Renderer.cpp
      #include <GL/glew.h> #include <GLFW/glfw3.h> #include "Renderer.h" #include "Timer.h" #include <iostream> namespace Game { GLFWwindow* window; /* Initialize the library */ Rendering::Rendering() { mClock = new Clock; } Rendering::~Rendering() { shutdown(); } bool Rendering::initialize(uint width, uint height, bool fullscreen, std::string window_title) { if (!glfwInit()) { return -1; } /* Create a windowed mode window and its OpenGL context */ window = glfwCreateWindow(640, 480, "Hello World", NULL, NULL); if (!window) { glfwTerminate(); return -1; } /* Make the window's context current */ glfwMakeContextCurrent(window); glViewport(0, 0, (GLsizei)width, (GLsizei)height); glOrtho(0, (GLsizei)width, (GLsizei)height, 0, 1, -1); glMatrixMode(GL_PROJECTION); glLoadIdentity(); glfwSwapInterval(1); glEnable(GL_SMOOTH); glEnable(GL_DEPTH_TEST); glEnable(GL_BLEND); glDepthFunc(GL_LEQUAL); glHint(GL_PERSPECTIVE_CORRECTION_HINT, GL_NICEST); glEnable(GL_TEXTURE_2D); glLoadIdentity(); return true; } bool Rendering::render() { /* Loop until the user closes the window */ if (!glfwWindowShouldClose(window)) return false; /* Render here */ mClock->reset(); glfwPollEvents(); if (mClock->step()) { glClear(GL_COLOR_BUFFER_BIT | GL_DEPTH_BUFFER_BIT); glfwSwapBuffers(window); mClock->update(); } return true; } void Rendering::shutdown() { glfwDestroyWindow(window); glfwTerminate(); } GLFWwindow* Rendering::getCurrentWindow() { return window; } } Renderer.h
      #pragma once namespace Game { class Clock; class Rendering { public: Rendering(); ~Rendering(); bool initialize(uint width, uint height, bool fullscreen, std::string window_title = "Rendering window"); void shutdown(); bool render(); GLFWwindow* getCurrentWindow(); private: GLFWwindow * window; Clock* mClock; }; } Timer.cpp
      #include <GL/glew.h> #include <GLFW/glfw3.h> #include <time.h> #include "Timer.h" namespace Game { Clock::Clock() : mTicksPerSecond(50), mSkipTics(1000 / mTicksPerSecond), mMaxFrameSkip(10), mLoops(0) { mLastTick = tick(); } Clock::~Clock() { } bool Clock::step() { if (tick() > mLastTick && mLoops < mMaxFrameSkip) return true; return false; } void Clock::reset() { mLoops = 0; } void Clock::update() { mLastTick += mSkipTics; mLoops++; } clock_t Clock::tick() { return clock(); } } TImer.h
      #pragma once #include "Common.h" namespace Game { class Clock { public: Clock(); ~Clock(); void update(); bool step(); void reset(); clock_t tick(); private: uint mTicksPerSecond; ufloat mSkipTics; uint mMaxFrameSkip; uint mLoops; uint mLastTick; }; } Common.h
      #pragma once #include <cstdio> #include <cstdlib> #include <ctime> #include <cstring> #include <cmath> #include <iostream> namespace Game { typedef unsigned char uchar; typedef unsigned short ushort; typedef unsigned int uint; typedef unsigned long ulong; typedef float ufloat; }  
      Game.zip
    • By lxjk
      Hi guys,
      There are many ways to do light culling in tile-based shading. I've been playing with this idea for a while, and just want to throw it out there.
      Because tile frustums are general small compared to light radius, I tried using cone test to reduce false positives introduced by commonly used sphere-frustum test.
      On top of that, I use distance to camera rather than depth for near/far test (aka. sliced by spheres).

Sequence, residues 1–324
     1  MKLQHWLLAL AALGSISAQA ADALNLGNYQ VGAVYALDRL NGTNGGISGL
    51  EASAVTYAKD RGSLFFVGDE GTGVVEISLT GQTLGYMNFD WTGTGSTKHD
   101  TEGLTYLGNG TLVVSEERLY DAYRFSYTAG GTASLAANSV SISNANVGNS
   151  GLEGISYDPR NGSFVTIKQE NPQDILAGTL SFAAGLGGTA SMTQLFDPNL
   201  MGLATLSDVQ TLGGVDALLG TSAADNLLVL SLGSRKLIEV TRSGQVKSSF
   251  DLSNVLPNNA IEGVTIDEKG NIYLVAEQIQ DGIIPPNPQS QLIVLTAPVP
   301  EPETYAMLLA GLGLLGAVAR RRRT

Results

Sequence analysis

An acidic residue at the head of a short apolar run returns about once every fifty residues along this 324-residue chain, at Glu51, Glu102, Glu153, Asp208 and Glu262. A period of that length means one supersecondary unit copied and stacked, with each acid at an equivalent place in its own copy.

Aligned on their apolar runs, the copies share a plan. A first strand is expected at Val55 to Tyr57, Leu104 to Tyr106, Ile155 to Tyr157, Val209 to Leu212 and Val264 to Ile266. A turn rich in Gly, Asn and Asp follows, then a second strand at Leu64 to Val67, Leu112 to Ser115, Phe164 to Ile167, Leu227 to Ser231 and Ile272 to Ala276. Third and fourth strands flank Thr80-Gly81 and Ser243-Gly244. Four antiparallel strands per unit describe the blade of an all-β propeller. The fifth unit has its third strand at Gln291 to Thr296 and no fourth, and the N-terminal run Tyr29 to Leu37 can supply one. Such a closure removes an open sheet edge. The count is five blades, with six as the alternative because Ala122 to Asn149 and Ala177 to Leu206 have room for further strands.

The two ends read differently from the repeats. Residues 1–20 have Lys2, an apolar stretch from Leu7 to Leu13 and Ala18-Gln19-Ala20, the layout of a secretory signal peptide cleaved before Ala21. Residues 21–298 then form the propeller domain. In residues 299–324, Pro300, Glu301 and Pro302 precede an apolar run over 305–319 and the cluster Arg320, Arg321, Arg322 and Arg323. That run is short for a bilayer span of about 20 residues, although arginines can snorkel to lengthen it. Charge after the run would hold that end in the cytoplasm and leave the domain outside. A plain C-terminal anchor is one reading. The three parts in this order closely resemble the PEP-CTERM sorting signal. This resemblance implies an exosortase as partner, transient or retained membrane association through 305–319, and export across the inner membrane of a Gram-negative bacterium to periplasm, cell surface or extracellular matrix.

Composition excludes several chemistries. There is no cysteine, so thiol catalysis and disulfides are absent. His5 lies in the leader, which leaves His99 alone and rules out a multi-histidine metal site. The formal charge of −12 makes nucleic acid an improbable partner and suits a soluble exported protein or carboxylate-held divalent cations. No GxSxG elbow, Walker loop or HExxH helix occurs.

This method can be naturally extended to clustered light culling as well.
      The following image shows the general ideas

       
      Performance-wise I get around 15% improvement over sphere-frustum test. You can also see how a single light performs as the following: from left to right (1) standard rendering of a point light; then tiles passed the test of (2) sphere-frustum test; (3) cone test; (4) spherical-sliced cone test
       

       
      I put the details in my blog post (https://lxjk.github.io/2018/03/25/Improve-Tile-based-Light-Culling-with-Spherical-sliced-Cone.html), GLSL source code included!
       
      Eric
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OpenGL Is redundant state checking still a thing?

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Is redundant state checking still a thing? I'm interested in D3D11 and OpenGL3+.

I've got a D3D11ContextStateCache, and GLContextStateCache objects that keep track of the current state and skip calls that would do nothing, i also got an option to disable redundant state checking and directly call the API function, and for my surprise there was absoluetley no difference.
(3600 draw calls with same vb, input layout and a texture, 1 ConstBuffer update via Map(hmmm???))

The same thing goes to OpenGL.

 

Note that I'm not calming anything as my scene may not be optimal for the case (and as I'm writing this I start to get doubts about it).

 

And one additional question, Is there any point of using D3D11_USAGE_IMMUTABLE in practice, again I see no different betteen that one and 
D3D11_USAGE_DEFAULT?

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>>  and for my surprise there was absoluetley no difference.

 

you would only see a difference if:

1. the calls you make are calls that will introduce delays when called redundantly.

 

= AND =

 

2. you actually makes redundant calls of that type in the first place - enough to be noticeable.

 

there's a good chance you're not making enough redundant calls that introduce delay to see a difference. which would indicate you can reduce or perhaps eliminate state checks, assuming your code stays well organized with respect to draw call order and state changes. if you make no redundant calls, there's technically no need for state management.